I lived in Los Angeles for a year. I don’t know if anyone could have come to that conclusion on their own, especially considering the content of my blog. I also fully plan on moving back to Los Angeles again at some point. But for now, my place is cleaning out the Playbills in my parents’ basement and selling them on eBay (shameless plug if anyone’s into theatre).
Since I have had the experience of navigating the gridlocked streets, I enjoy passing my wisdom onto others in hopes that my advice will cut some misery from their trip. L.A. is a huge, sprawling city; it can be tough to pick things to do. Look at me… I still didn’t do a lot of shit and I lived there. This list is really targeted to three friends who are traveling out West beginning tomorrow: Mikey, Abby and Eric. But I’m not going to be cliquey about it, anyone who plans on traveling to the City of Angels is allowed to look at this “guide.”
STEP ONE SHOULD BE A RENTAL CAR. I think there’s a myth that it’s possible to get around Los Angeles via public transit, but whomever is saying that is on crack. Get the car. You will be able to see so much more with it.
Sidenote: if anyone is actually planning to use Airbnb while in L.A.; pleaseread my post on how I stayed in a Halfway House by accident before you make a decision.
I feel like “Moving Horror Stories” are to “Big City” as “twerking” is to Miley Cyrus. It doesn’t necessarily always happen, but it makes for a great tale later on. Before I relocated to Los Angeles, I had already lived in two “hub cities;” New York and Philadelphia. Therefore, I foolishly expected to be immune from the “L.A. Story.” There is a certain level of street smart acquired when inhabiting a big city, and I had my fair share of drama in New York City. To my surprise, I was being completely naïve because shit did go down. We weren’t swindled out of hundreds of dollars by a greedy landlord; nor were we forced to live in an illegal basement “apartment” (both of those were actual stories retold to me).
My first misstep was assuming my roommate and I would be able to secure a lease in six days. I arrived in Los Angeles on May 25th (a holiday weekend) and figured we would find something by May 31st. Nope. May 30, 2013 was spent on Airbnb looking for some semblance of temporary housing so we had a roof over our head. I was staying in a hotel in Culver City and my roommate was in a sublet in Long Beach; we needed to act quick. My roommate found a shared bedroom in a house (for $1,650) that we booked in desperation. I decided to ignore the fact that I paid $1,650 a month to live in a two-bedroom apartment in Queens, because it just wasn’t time to be picky. The listing looked fantastic: although we would have to share a bedroom with two single beds (and one bathroom with however many other guests came), it had “sweeping views of Downtown Los Angeles.”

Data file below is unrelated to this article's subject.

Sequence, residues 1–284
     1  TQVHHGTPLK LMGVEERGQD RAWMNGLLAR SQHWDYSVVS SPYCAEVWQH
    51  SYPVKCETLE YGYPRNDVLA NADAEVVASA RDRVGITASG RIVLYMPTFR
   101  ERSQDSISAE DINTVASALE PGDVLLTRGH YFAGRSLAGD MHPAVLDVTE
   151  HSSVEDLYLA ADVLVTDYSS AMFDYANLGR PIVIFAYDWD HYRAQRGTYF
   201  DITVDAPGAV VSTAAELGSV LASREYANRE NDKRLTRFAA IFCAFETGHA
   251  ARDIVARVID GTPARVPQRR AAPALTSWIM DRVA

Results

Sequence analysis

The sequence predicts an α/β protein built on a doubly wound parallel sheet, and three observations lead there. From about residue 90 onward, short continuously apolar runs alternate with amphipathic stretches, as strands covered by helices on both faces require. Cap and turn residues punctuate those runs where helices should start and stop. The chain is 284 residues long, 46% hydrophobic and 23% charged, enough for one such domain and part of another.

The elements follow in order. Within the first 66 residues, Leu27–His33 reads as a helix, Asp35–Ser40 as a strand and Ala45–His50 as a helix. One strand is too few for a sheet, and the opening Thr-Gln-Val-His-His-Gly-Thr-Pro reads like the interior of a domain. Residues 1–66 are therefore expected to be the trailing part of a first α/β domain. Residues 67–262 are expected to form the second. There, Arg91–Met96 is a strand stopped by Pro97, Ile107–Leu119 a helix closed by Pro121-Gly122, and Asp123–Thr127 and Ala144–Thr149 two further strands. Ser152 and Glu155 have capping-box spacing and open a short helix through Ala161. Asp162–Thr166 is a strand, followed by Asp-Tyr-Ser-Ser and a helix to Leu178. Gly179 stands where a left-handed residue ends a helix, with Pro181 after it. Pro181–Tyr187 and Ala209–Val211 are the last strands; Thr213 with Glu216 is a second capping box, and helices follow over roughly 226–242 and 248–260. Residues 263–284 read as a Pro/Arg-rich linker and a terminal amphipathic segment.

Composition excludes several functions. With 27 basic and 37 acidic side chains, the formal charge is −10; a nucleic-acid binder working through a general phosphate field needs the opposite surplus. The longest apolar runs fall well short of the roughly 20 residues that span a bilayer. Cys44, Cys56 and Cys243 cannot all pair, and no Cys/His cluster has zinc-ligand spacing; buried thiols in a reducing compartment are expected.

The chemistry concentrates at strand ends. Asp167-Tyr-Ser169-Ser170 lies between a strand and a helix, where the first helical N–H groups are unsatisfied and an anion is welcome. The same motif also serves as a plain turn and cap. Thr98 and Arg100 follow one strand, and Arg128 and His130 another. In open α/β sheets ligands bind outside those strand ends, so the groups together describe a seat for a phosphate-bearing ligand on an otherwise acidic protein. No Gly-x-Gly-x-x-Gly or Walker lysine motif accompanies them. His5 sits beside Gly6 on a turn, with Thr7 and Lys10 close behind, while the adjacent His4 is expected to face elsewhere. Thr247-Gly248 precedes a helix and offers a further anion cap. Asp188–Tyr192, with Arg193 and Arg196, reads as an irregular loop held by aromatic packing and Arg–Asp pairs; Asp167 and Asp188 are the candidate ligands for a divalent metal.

At the end of 2012 and into the beginning of 2013, I watched as my younger sister grappled with the consequences of quitting her job. Around Christmas, she felt she had outgrown the company she was working for (to put it in the nicest way possible). I witnessed the stress she dealt with when she realized she still had Christmas presents to buy before she could return to Baltimore and find a new job. She had to face the probing questions from a firing squad (also known as our fairly large extended family) on Christmas Eve. After the holidays, my sister embarked on a harrowing monthlong journey that few could relate to. Exactly one year later, I found myself in the exact. Same. Boat.
In the United States, the major difference between quitting your job versus being furloughed or laid off is that when you quit, you are ineligible to collect Unemployment. My decision point came in November; I moved to Los Angeles with a goal to work toward: the ability to support myself as a full-time photographer. A goal which is difficult to attain while waking up for work every day at 3:30am. So I made the decision to part ways with my company, which was a month ago (as of yesterday). Today I saw the above video on BuzzFeed (while “working from home”) and for the first time in 31 days, I finally felt someone (besides my dear sister) could relate to me without simultaneously shitting on me.
So I give you the Conor Clancy List Of 10 Awkward Moments When You’re Unemployed in Your Twenties. And please, anyone who has been in/is currently dealing with this situation feel free to share YOUR 10 Awkward Moments!